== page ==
Marinescu succeeds Webster as IESF president
The International Esports Federation, which purports to be the governing body for the fragmented esports industry, has appointed Vlad Marinescu as president after Colin Webster stepped down from the role.
The IESF said Webster, who was elected as president in 2018, decided to stand down due to the coronavirus pandemic making it difficult for him to carry out his duties from South Africa.
The IESF said the changes were proposed by Webster and ratified unanimously by the IESF board.
Webster will remain on the board and the role of vice-president, previously held by Marinescu, will be filled by IESF board member Sheikh Sultan Bin Khalifa Bin Sultan Al Nahyan.
Webster said: “The challenges of the current crisis has sorely tested my efficacy in serving those who elected me, and after long and hard introspection, I believe that Vlad Marinescu and His Highness Sheikh Sultan Bin Khalifa Bin Sultan Al Nahyan would be better suited to lead IESF in these troubled times.
“I have absolute confidence knowing that the IESF will continue to flourish through this next chapter. There is no doubt in my mind that IESF shall continue to unite that which is fractious, protect the esports athlete, and deliver more than ever before.”
Marinescu said: “We are truly indebted to president Webster. His life has been committed to public service. We are fortunate that we managed to convince him to stay on the board to continue to provide sage advice.
“During the next period I will dedicate myself to continuing the mission proposed by Colin and together with the united IESF board, we will ensure to serve our members while growing and uniting the esports world further.”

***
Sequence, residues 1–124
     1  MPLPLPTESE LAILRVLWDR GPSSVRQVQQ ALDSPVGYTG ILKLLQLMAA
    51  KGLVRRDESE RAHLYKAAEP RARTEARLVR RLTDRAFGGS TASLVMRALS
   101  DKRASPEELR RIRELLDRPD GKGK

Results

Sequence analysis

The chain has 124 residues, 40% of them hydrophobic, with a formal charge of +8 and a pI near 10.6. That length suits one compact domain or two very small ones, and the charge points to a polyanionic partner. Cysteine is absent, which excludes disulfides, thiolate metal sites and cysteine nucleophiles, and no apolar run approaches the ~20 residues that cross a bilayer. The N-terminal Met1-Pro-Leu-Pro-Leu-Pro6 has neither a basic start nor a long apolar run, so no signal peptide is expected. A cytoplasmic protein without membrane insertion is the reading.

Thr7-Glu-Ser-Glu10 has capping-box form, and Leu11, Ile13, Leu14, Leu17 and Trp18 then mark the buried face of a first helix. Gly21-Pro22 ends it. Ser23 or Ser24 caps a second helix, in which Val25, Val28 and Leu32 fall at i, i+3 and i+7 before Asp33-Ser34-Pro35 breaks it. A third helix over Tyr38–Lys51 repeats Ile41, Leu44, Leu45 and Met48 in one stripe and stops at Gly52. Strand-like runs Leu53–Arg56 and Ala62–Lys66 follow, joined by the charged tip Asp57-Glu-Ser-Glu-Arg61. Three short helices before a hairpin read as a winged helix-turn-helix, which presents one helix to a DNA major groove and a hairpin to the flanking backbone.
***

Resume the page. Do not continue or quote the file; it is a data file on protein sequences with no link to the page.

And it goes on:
Marinescu is also president of the US eSports Federation and works as the chief media and marketing officer for the International Judo Federation.
He has also acted as director general of annual world sport and business summit SportAccord and president of RSportz, a cloud-based membership registration platform.
He was co-opted onto the IESF board in April 2019 before being elected vice-president in December the same year.
The South Korean-based IESF was founded in 2008 and is the oldest governing body claiming to have responsibility for esports. More than 60 nations are now members of the IESF.
Last month, the IESF signed a memorandum of understanding with the regional Asian Electronic Sports Federation. In signing the MOU, the IESF recognises the AESF as the sole federation for esports in Asia, with the AESF reciprocating this for the IESF on the international level.
Late last year, it dismissed claims by newly-formed rival Global Esports Federation to be the sport’s first worldwide governing body, with Webster insisting the IESF is the only body capable of being recognised as a true international federation with a footprint on every continent.
However, the status of the GEF was raised last week when it partnered with the Commonwealth Games Federation.